Freeing the chest
Coming onto your front, with legs as wide as your lower back needs to feel comfortable, come up onto your elbows, wider than your shoulders, placing the spiky ball under your breast bone; at about nipple height or where it feels most comfortable to able to lift the chest without jamming the lower back (fig.12).
Then you can let the ball take some of the work of the uplift through the chest as you open across the collarbones, feeling the myofascial release into the tissues of the chest where we can hold much tension. Let yourself breathe here to feel the natural motion of rise on the inhalation and dropping on the exhalation. As you become accustomed to the feelings of the ball here, you may even be able to drop the head down and increase weight onto this area, then raise the head to sit comfortably on the shoulders as you inhale (without jutting the chin forward) and drop down as you exhale.
For a held position in a deeper backbend, then reach the arms out about 45 degrees away from your hips, palms facing down. Then lift the arms on an inhalation, keeping long in the sides and back of the neck (fig.13), feeling natural buoyancy as you breathe in and the lungs fill and a drop as they empty out on the exhale, giving a pulsing effect on the tissues.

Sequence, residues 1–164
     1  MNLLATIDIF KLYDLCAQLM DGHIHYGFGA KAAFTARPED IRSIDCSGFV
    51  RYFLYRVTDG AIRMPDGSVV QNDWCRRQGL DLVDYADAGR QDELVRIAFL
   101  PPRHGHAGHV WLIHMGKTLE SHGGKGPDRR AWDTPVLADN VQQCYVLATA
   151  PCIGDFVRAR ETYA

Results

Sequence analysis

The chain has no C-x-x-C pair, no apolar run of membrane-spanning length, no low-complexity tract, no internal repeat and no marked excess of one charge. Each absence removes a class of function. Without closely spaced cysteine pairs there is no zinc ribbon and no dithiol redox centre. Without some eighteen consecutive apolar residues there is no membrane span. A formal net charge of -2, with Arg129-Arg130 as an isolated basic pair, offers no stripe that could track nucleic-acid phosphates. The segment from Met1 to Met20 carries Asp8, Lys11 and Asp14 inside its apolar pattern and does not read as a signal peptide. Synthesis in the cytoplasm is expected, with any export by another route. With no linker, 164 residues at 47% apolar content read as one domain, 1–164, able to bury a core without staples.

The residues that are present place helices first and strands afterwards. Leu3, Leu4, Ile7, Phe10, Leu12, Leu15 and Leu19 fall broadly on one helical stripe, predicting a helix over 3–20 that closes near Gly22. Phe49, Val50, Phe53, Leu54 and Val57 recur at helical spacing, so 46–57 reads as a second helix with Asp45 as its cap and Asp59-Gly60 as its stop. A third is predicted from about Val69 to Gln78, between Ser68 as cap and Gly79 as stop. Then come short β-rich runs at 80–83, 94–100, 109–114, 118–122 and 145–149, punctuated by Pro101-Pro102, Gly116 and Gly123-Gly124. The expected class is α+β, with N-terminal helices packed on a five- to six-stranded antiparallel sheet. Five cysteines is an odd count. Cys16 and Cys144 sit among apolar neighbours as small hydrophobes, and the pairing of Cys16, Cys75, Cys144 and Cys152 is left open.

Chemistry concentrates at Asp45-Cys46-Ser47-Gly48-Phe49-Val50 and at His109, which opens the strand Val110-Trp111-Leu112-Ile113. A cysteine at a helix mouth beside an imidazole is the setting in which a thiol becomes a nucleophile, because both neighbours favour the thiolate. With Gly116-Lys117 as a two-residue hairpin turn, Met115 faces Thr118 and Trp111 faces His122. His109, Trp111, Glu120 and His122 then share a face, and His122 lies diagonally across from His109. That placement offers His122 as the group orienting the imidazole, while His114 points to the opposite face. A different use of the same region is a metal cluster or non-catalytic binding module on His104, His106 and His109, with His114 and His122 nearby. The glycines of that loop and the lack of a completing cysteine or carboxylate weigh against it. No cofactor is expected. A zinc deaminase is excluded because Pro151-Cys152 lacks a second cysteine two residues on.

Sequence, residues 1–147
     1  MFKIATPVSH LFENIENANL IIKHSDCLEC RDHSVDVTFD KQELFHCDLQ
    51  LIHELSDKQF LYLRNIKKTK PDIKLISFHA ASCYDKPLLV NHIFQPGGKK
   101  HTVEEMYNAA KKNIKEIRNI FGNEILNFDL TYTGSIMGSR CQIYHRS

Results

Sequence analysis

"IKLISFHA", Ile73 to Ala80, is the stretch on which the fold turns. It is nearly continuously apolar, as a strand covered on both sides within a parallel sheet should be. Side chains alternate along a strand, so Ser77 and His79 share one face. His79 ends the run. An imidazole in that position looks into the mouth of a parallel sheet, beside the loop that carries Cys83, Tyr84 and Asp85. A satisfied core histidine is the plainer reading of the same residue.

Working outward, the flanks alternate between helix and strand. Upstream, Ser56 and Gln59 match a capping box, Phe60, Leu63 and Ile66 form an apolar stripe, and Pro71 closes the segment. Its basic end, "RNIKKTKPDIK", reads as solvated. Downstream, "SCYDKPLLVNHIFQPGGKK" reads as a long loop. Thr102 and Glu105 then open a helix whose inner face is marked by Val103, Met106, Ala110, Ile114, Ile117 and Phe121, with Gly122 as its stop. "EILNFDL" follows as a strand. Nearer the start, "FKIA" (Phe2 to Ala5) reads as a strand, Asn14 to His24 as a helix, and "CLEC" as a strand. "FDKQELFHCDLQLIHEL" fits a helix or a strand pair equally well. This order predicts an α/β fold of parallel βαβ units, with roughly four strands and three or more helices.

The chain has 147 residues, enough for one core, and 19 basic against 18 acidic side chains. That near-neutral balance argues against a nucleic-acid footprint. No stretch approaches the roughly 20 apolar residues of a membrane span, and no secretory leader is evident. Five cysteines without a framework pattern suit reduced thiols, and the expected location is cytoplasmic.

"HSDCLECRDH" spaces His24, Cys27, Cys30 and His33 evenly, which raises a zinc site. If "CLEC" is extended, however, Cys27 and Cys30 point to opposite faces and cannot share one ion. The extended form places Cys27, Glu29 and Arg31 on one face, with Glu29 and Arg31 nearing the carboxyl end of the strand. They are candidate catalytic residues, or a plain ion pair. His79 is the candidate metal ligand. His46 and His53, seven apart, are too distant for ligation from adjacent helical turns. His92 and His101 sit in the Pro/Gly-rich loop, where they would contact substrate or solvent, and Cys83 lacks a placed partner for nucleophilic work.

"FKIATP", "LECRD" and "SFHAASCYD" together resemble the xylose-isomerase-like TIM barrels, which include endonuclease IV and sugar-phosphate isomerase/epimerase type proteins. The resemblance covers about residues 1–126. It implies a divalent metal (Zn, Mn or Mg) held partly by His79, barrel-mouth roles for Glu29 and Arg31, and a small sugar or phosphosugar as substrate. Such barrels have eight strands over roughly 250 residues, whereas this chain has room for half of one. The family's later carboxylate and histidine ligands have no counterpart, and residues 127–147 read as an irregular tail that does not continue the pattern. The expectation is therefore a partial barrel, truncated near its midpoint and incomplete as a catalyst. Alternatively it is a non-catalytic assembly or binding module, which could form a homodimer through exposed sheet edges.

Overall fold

After, simply lay down on the ground to let tissues release and let the after and ripple through and settle in. Alternately come to a downwards-facing dog position to lengthen the spine.
Releasing upright from the feet
Standing on one leg, holding onto a chair or to a wall if you need, roll one foot at a time over the spiky ball to fully explore every part of your foot for a good few minutes (fig.14). Include the heel, outside edge, particularly spending time on the instep, where the fascial lines begin from where we stand up through the inner legs and middle of the body.
Explore the different sensations and different pressures, even pushing down strongly into any region to create a deeper intensity and then easing off to feel flooding of fluids through the tissues as you release. Do each foot separately, standing and then walking between to feel the difference through each leg up from the ground. You may feel a sense of length and volume through the different sides, coming together after both feet are done.
When you walk and stand you may then feel that your legs seem longer as the fascial lines have more freedom up from the lower body into the torso. You can do this to help standing yoga practices, upright exercises such as lunges and running flow.